The user may relocate the marker within the triangle to change the operational characteristics of the HEMS algorithms. If the user moves the marker to a vertex, then the algorithms optimize for the corresponding characteristic. If the marker is relocated into the interior of the triangle, the algorithms make a compromise between the characteristics. A weight is given to characteristics based on the relative distance of their vertex to the marker and the set of resulting weights are provided as input to the algorithms which optimize operation of the system to those inputs.

When the user selects an operating point by placing a marker in the interior of the triangle, the user is shown the expected compliance of the system against the characteristics. The visualization is given as, for example, a color and/or a set of performance numbers as computed by the algorithms for this point. The color displayed may be the sum of the intensity of colors assigned to each characteristic, where the intensity of each color is related to the affinity (or “goodness”) of this point to the characteristic. The interior of the triangle may be a gradient of colors where each point inside the triangle is colored by the computed affinity of the point to the characteristics.

Accordingly, a multi-dimensional energy control system is provided. An energy management software application organizes the consumption of energy by a device as an n-dimensional energy space, where n is an integer greater than 2, and each axis in the energy space represents an energy consumption characteristic. The energy management application generates instructions for a device in response to calculating a compromise operating point in the energy space. A user interface (UI) connected to the energy management application has a display to receive a graphical representation of the energy space and compromise operating point, and an input to receive user commands for moving the represented compromise operating point in the represented energy space. The energy management application calculates the compromise operating point in the energy space to match the displayed compromise operating point.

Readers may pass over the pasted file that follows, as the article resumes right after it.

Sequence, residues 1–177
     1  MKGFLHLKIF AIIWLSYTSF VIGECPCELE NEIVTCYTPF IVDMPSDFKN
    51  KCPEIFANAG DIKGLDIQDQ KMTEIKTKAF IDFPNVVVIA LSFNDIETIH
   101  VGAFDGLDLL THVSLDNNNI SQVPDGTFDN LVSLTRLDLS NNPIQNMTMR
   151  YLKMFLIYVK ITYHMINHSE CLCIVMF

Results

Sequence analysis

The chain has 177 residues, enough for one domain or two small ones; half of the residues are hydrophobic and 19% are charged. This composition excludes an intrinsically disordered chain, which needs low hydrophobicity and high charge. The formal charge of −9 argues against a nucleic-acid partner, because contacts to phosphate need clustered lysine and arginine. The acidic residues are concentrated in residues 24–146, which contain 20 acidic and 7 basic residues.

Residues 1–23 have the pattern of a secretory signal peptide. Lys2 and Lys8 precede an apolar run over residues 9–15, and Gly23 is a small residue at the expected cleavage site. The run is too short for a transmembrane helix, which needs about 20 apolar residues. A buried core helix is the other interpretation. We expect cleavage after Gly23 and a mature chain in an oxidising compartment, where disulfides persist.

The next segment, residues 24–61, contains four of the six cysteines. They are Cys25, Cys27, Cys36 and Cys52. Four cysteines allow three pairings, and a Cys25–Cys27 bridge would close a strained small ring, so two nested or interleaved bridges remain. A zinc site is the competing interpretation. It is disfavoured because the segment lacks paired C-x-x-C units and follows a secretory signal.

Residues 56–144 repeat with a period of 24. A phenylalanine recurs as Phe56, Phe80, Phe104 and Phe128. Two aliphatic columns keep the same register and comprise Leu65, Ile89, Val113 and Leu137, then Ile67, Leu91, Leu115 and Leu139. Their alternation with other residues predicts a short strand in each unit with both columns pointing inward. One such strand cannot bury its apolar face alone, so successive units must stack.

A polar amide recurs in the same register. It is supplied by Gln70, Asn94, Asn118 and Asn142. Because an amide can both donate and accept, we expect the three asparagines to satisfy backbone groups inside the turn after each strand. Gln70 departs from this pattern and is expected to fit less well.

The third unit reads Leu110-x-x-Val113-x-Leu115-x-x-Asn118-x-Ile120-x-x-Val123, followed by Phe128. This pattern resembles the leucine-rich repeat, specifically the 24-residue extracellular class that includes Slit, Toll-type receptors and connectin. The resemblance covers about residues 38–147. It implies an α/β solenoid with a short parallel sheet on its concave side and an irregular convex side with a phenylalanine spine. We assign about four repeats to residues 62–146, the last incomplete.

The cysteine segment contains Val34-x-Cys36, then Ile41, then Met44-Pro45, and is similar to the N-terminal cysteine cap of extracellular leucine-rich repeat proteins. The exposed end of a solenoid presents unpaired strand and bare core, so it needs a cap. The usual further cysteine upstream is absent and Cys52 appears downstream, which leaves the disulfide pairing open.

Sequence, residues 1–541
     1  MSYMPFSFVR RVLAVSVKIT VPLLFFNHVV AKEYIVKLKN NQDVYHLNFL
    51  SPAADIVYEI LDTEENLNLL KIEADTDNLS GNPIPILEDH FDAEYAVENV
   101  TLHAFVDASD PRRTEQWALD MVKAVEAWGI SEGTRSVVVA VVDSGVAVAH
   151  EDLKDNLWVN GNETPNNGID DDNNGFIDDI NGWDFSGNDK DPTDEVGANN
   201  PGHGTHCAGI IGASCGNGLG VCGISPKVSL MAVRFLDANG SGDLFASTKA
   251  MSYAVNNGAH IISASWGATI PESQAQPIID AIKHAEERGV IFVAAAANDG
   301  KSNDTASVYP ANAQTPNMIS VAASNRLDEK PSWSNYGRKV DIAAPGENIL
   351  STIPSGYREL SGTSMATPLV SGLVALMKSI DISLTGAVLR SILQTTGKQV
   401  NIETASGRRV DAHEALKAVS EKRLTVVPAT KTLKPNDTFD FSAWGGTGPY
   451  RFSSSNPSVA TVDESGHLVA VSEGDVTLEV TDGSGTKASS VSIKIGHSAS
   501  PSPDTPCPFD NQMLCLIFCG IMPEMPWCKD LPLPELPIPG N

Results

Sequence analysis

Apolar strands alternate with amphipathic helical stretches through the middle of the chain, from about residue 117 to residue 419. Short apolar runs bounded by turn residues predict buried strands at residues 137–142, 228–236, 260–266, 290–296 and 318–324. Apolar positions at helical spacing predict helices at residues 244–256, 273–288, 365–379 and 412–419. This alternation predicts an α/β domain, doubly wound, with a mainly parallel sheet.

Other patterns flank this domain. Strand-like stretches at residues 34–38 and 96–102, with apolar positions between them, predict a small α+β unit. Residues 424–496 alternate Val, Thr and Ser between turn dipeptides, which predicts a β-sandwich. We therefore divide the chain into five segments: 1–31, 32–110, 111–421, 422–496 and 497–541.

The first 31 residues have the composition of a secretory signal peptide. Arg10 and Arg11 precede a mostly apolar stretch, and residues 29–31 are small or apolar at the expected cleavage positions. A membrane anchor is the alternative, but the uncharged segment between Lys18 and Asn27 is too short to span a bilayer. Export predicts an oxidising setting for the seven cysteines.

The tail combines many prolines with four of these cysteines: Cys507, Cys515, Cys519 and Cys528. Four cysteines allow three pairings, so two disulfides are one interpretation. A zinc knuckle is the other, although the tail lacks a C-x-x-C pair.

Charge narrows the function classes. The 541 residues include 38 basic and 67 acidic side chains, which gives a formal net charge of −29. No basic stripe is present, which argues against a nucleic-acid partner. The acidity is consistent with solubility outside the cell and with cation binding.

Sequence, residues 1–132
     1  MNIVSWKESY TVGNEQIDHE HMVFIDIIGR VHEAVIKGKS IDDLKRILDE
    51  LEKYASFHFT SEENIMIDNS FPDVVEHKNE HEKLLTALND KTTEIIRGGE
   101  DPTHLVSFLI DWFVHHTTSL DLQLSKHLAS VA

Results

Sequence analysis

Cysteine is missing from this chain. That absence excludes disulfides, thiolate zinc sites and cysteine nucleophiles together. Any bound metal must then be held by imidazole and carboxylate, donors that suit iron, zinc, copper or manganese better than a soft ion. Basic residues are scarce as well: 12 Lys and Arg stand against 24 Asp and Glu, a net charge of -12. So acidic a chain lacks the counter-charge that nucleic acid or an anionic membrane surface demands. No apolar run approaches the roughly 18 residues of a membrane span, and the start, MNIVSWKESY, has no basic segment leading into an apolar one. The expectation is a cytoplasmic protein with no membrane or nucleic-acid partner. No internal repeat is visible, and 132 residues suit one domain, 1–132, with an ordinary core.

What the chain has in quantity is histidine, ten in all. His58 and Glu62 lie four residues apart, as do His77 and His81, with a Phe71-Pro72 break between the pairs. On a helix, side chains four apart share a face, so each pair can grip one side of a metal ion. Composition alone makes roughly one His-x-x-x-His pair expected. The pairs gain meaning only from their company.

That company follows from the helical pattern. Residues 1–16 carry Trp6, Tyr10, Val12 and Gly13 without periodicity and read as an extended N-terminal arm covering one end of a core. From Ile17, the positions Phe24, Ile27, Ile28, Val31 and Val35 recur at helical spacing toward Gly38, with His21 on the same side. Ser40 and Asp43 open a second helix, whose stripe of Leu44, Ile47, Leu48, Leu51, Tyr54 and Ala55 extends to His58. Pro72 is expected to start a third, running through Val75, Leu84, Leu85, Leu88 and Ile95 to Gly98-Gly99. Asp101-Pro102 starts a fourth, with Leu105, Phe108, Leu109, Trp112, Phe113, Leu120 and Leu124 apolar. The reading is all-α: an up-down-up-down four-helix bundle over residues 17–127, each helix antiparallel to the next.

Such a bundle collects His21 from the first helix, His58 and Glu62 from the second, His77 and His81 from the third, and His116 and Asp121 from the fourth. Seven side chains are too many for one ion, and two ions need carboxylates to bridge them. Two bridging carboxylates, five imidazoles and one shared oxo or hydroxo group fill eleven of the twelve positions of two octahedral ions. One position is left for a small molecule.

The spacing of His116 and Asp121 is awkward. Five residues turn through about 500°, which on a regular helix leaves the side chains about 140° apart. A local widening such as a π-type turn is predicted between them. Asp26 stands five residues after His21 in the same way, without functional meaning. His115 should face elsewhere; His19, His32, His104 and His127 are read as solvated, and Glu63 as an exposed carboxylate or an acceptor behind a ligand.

For example, the UI display may present the energy space as a two-dimensional polygon with n vertices, where each vertex is associated with a corresponding energy consumption characteristic. If the energy management application organizes the consumption of energy by the device as a three-dimensional energy space, the UI display represents the energy space as a triangle. In one aspect, the UT display presents each triangle vertex as being associated with a color, and in another aspect the compromise operating point is represented as a blend of the triangle vertices colors.

Additional details of the above described system, a multi-dimensional energy control GUI, and a method for controlling a multi-dimensional energy control system, are provided below.

BRIEF DESCRIPTION OF THE DRAWINGS

FIG. 1 is a schematic block diagram of a multi-dimensional energy control system.

FIG. 2A is a diagram depicting an energy space, while FIGS. 2B through 2I are corresponding versions of a GUI representation of the energy space.

FIGS. 3A and 3B are figures depicting a process for the user to modify energy consumption default settings.

FIGS. 4A through 4C are diagrams depicting a UI for modifying energy consumption characteristics.

FIG. 5 is a flowchart illustrating a method for controlling a multi-dimensional energy control system.

DETAILED DESCRIPTION